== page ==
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So, it's official: Apple is holding a media event in one week and it looks pretty likely we'll finally see the next iPhone for real there. The blogosphere has been quite busy over the last 24 hours wondering if the shadowy number "5" means the handset will actually be called iPhone 5 despite previous rumors to the contrary. As you ponder this question for yourselves, let's get up to speed on what went down overnight...
Apple certified repair shop iResQ has managed to get their hands on what appears to be the battery for the sixth-generation iPhone and is wasting no time showing it off on their website. To the surprise of no one, the battery is a perfect fit in the presumed iPhone 5 casing that's been floating around recently, and it's just under half an inch taller than the battery in the iPhone 4S. Will that be enough to power a 4G LTE radio? We'll find out soon enough.
AppleInsider is reporting that recently promoted Apple senior vice presidents Craig Federighi and Dan Riccio have received a nice perk in addition to the SVP bump: Stock grants valued at more than $50 million for each of them. The news comes straight from filings with the U.S. Securities and Exchange Commission and should be enough to entice the SVP of Mac Software and Engineering and SVP of Hardware Engineering to stick around for awhile, given that the stock won't vest until December 23, 2013, April 23, 2015 and August 23, 2016.
9to5Mac is reporting that Apple could debut new iPods at next week's media event, which is expected to unveil the sixth-generation iPhone. The website claims "there will be at least two new/updated iPod lines and possibly a third," but fails to elaborate on details of what the new models might bring. Most likely are updates to the iPod nano and iPod shuffle, although an iPod touch refresh is not said to be in the cards.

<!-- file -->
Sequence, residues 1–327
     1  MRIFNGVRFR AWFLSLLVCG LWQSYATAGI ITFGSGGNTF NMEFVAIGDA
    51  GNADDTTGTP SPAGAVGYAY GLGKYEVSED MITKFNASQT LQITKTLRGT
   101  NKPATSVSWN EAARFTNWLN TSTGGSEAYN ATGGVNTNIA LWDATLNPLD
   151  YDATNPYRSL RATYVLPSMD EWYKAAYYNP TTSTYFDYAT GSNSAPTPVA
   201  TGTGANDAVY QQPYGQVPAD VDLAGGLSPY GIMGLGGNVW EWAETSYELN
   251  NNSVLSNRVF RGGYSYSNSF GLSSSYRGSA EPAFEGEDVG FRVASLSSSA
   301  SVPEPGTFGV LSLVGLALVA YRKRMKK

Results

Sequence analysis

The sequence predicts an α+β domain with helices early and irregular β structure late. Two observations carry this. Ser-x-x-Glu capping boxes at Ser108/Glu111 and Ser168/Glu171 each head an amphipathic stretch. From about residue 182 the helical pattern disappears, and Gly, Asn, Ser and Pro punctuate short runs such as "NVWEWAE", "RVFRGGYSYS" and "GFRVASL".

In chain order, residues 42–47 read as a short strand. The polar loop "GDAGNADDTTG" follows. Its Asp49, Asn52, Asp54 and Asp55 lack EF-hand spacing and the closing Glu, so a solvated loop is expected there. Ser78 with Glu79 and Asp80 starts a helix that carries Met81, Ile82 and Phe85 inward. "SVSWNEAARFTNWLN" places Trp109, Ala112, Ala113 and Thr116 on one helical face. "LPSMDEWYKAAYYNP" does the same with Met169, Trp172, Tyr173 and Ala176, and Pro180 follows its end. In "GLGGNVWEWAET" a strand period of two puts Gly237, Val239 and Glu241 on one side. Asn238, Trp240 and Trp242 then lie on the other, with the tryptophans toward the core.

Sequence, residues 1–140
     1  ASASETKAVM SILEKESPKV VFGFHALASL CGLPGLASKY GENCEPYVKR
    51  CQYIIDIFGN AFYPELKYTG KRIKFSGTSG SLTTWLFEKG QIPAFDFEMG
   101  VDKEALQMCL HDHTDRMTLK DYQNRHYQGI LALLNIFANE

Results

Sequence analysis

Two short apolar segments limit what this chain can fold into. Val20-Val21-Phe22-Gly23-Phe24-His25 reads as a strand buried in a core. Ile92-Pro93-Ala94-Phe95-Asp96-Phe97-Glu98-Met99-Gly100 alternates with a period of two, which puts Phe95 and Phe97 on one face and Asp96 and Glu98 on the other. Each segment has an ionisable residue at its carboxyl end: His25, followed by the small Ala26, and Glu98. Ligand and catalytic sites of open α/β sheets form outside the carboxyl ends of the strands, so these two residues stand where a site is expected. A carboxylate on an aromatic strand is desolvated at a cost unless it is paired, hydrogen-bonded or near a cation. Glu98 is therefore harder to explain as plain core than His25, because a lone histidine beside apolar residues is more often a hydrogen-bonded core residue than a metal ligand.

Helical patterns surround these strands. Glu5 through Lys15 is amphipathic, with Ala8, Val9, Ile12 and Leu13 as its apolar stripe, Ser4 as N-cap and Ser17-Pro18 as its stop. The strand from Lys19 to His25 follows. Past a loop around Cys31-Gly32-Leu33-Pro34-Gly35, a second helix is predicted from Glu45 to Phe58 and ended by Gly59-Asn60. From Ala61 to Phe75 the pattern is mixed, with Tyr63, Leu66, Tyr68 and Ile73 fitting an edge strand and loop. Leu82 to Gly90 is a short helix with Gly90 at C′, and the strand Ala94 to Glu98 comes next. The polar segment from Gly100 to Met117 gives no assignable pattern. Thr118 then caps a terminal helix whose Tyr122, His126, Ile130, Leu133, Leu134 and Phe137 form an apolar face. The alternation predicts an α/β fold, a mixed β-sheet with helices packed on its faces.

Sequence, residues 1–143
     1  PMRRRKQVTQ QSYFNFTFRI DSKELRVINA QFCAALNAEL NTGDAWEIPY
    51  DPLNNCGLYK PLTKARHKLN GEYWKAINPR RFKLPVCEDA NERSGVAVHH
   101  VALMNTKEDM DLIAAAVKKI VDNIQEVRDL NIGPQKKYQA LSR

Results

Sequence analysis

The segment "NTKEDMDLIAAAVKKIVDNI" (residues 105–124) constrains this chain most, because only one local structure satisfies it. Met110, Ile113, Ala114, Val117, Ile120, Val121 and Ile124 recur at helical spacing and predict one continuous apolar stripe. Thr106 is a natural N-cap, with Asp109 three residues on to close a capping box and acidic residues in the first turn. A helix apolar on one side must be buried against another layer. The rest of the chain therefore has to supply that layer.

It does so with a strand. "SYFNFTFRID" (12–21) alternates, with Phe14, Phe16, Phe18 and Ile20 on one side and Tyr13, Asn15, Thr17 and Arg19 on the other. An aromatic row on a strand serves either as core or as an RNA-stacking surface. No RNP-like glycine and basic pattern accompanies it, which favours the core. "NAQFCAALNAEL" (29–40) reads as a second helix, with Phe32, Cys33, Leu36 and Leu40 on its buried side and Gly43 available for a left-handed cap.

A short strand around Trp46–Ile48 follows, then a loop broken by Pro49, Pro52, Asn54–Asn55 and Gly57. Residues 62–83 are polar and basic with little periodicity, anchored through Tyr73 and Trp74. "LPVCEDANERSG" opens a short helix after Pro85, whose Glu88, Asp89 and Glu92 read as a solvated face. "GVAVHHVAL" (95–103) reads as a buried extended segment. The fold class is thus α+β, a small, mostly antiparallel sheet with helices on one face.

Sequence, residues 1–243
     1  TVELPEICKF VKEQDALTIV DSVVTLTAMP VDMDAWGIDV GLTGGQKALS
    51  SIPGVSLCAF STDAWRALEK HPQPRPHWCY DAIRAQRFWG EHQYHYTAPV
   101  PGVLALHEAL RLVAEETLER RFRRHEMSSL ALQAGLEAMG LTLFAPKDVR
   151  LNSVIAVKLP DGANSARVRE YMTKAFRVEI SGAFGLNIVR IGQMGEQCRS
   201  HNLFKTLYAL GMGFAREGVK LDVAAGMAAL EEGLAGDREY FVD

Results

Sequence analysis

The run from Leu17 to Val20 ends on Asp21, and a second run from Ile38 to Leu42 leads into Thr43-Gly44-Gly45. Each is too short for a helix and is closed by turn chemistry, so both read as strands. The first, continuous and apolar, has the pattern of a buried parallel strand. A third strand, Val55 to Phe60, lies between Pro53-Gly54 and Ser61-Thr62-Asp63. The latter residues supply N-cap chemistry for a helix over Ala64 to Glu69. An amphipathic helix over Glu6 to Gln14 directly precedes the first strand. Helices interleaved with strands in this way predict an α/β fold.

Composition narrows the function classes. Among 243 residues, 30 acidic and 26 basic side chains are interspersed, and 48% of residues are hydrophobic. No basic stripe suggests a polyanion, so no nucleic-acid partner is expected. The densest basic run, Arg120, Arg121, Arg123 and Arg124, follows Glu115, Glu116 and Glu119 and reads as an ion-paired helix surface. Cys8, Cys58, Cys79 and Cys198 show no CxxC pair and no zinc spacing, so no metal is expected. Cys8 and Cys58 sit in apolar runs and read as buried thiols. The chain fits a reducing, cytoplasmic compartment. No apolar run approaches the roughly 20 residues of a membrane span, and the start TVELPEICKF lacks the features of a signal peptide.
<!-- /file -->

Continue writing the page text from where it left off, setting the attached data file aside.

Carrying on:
AllThingsD is reporting that the FBI is now denying the iOS UDID breach we reported about on Tuesday. "The FBI is aware of published reports alleging that an FBI laptop was compromised and private data regarding Apple UDIDs was exposed," a statement reads. "At this time there is no evidence indicating that an FBI laptop was compromised or that the FBI either sought or obtained this data." Hacker group AntiSec claims there's an additional 3TB of data yet to be released, suggesting that a "common culprit" among installed apps could be to blame for the actual breach.
AppleInsider is reporting that the U.S. Court of Appeals for the Federal Circuit in Washington has handed a new legal victory to Apple, upholding an earlier ruling that found the Cover Flow feature found in OS X does not infringe on patents owned by Mirror World. The lawsuit dates back to 2008 and is the second time Cupertino has been spared from this patent battle on appeal.
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(Image courtesy of iResQ)